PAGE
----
Jul 23, 2019 | Updated: 09:13 AM EDT

The Secret Behind Zebra's Stripes

Jun 24, 2019 08:24 AM EDT

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Zebra
(Photo : Pixabay)

There is a reason behind everything even the black and white stripes of African equids or commonly known as zebras. Before, scientists believed that the purpose of zebras stripes is to keep them cool from the heat of the sun. Based on their theory, it is said that the black stripes get warmer than the white which leads to creating small vortexes that allow the hot and cold air to meet and acts as a fan thus cooling the animal's body. However, a study on July 2018 entitled "Experimental evidence that stripes do not cool zebra's" (published in the Scientific Reports) refuted the said theory. The study might be the answer in the mystery behind zebras' stripes but since there are no zebras involved, a further test should be done for confirmation. The researchers measured the changing temperature of stripped and no-stripped barrels of water left out in the sun.

The mystery unraveled by two scientists, Alison Cobb (amateur naturalist) and her husband Dr. Stephen Cobb (former biology technician) using their field data from Kenya. Their research includes a stallion and a mare zebra as well as a hide draped over a cloth-horse zebra as control. They found out that small-scale convection current created between stripes aids the evaporation of sweat, also their black stripes can erect or rise while the white stripes remain flat.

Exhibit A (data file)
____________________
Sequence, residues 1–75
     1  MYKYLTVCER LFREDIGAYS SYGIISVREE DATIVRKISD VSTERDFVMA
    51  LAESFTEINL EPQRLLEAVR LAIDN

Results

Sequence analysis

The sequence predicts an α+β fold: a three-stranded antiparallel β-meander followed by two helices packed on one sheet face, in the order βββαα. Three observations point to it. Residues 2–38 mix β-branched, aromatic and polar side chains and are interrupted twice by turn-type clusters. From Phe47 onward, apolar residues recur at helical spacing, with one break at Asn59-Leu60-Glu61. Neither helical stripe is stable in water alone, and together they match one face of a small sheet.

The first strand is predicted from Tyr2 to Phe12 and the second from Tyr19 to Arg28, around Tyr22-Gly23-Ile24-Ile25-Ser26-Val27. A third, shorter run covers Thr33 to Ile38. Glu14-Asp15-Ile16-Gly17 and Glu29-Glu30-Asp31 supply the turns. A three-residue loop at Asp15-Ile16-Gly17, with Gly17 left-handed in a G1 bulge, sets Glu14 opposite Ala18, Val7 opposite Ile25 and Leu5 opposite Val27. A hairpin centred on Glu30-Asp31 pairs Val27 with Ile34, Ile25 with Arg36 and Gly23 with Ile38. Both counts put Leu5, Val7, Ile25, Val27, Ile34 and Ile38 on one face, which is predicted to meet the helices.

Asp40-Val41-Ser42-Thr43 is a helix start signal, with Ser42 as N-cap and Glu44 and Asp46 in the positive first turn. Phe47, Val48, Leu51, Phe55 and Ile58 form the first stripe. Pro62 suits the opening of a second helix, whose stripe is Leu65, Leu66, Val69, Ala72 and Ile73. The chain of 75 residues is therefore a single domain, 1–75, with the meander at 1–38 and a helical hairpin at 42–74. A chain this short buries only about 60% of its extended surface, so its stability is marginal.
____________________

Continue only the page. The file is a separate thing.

The researchers were able to find out the zebras' ability to erect their black stripes by comparing the temperature of living zebra to a zebra's hide. The latter one got hotter than the other one by 16°C or 61°F. The authors stated that the raising of black hair transfers heat from the skin to the hair surface. On the other hand, the vortexes (where hot and cold meet) is said to help zebra to avoid blood-sucking parasite.

"Ever since I read 'How the Leopard Got His Spots' in Kipling's Just So Stories, at bedtime when I was about four, I have wondered what zebras' stripes are for," explained Alison Cobb, adding, "In the many years we spent living in Africa we were always struck by how much time zebras spent grazing in the blazing heat of the day and felt the stripes might be helping them to control their temperature in some way."

"The solution to the zebra's heat-balance challenge is cleverer, more complex and beautiful than we'd imagine," she concluded.

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